(Photo by Cheryl-Anne Millsap)
Crossing the deck of the busy cruise ship, on my way to get something for lunch, I noticed a little boy crouched quietly, oblivious to the crowd around him as he bent over his shoe. He’d dropped to fasten the buckle and his mother stood patiently by, parting the sea of passengers that streamed around them. That, as every mother eventually learns, is what you do when you have a preschooler. You stand and wait while they master each new, seemingly monumental task. To do anything else is to invite tears and tantrums.
I watched the boy’s fingers, small and deliberate, as they worked at his task and I remembered my son doing the same thing at that age. I remembered the way my breath caught at the tender vulnerability of his neck, his thin back curved over knobby knees, his concentration evident by his frown and the tip of his tongue peeking out of the corner of his mouth.
I was on board the big ship to cover the launch of the brand new Carnival Breeze but the ceremonies were over and we were underway, already out to sea. I had nothing but time so I stayed where I was, watching the boy while fragments of other conversations drifted around me.
“We’re on our honeymoon,” I heard a man’s voice say, and I turned to see two couples, one young, the other old, on lounge chairs by the pool.
The old man replied that he and the old woman beside him had been married more than 50 years.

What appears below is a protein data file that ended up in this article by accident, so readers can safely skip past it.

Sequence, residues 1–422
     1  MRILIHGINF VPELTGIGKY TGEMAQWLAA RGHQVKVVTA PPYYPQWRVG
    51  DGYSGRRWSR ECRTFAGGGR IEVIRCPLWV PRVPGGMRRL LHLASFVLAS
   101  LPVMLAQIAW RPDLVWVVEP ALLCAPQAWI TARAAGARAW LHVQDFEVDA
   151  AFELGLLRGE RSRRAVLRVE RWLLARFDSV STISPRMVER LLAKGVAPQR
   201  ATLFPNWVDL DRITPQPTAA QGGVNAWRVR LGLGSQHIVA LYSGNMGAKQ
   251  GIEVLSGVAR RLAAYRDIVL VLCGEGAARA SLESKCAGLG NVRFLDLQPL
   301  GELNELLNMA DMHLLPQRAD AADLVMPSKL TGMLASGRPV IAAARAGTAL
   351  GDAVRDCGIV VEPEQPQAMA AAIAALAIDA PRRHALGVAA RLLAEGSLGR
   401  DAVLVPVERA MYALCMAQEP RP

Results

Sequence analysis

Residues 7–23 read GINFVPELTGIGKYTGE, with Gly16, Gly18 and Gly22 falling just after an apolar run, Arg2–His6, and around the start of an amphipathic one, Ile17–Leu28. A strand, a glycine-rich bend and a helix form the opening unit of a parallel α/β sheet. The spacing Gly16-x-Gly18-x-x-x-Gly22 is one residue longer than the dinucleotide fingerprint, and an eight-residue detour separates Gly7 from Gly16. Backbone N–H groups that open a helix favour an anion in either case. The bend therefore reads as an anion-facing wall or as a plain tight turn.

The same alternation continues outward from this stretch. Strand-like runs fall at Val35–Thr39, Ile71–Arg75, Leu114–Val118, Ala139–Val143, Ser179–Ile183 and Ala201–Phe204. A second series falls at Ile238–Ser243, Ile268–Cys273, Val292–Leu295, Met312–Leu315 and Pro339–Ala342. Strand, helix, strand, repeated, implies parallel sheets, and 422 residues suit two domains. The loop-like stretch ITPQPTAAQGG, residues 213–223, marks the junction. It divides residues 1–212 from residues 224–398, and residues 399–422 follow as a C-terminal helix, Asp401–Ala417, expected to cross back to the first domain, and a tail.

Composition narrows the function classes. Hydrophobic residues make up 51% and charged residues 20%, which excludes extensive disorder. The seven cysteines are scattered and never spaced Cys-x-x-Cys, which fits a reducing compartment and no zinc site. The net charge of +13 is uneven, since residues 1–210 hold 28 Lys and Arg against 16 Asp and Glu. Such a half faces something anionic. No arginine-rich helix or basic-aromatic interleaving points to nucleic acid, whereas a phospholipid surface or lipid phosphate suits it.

“Wow, that’s impressive,” the young man replied, his voice lacquered with a gloss of interest and respect. “So, what kind of advice would you give us?”
I knew, and the old man knew, it was a superficial question. Still, the old man seemed to take it seriously and was silent for a long moment and I waited to hear what he would say. The little boy worked on his shoe. The young woman smoothed sunscreen over her flat belly and along her arms. The old woman, her skin browned and leathery from years in the sun, rummaged through the basket on the deck beside her chair until she found her sunglasses. The young man sipped his beer.
Finally, the old man, his voice rough and graveled by years, spoke.
“You got it pretty good right now, son,” he said, nodding his head toward the young woman. “But one day, when the sun ain’t shining on you, and you’re mad at your pretty little bride over there and you hate your boss and the kid needs braces, you might think about doing something stupid. You might think about walking away.”
The young man looked a little shocked at the old man’s plain words.
“My advice is to remember how you feel right now because one day you might need it.”
“Yes, sir,” the young man said. “I sure will.”
The old man, having said his piece, closed his eyes and the young man went back to his beer.
I looked back at the little boy just as he finally slipped the strap through the metal buckle. Dusting his hands on the back of his swimsuit, he stood up and said “Okay,” in a satisfied tone. With his mother beside him, he walked on and disappeared in the crowd.
I moved on too, got my food and walked back to where my husband was reading. He looked up from his book. “What took you so long?” he asked, and I realized I’d lost track of time. Again.
“Oh, you know me,” I teased, sitting down beside him. “I was just watching all the boys.”
Cheryl-Anne Millsap is a travel writer based in Spokane, Washington. Her essays can be heard on Spokane Public Radio and on public radio stations across the country. She is the author of 'Home Planet: A Life in Four Seasons' and can be reached at firstname.lastname@example.org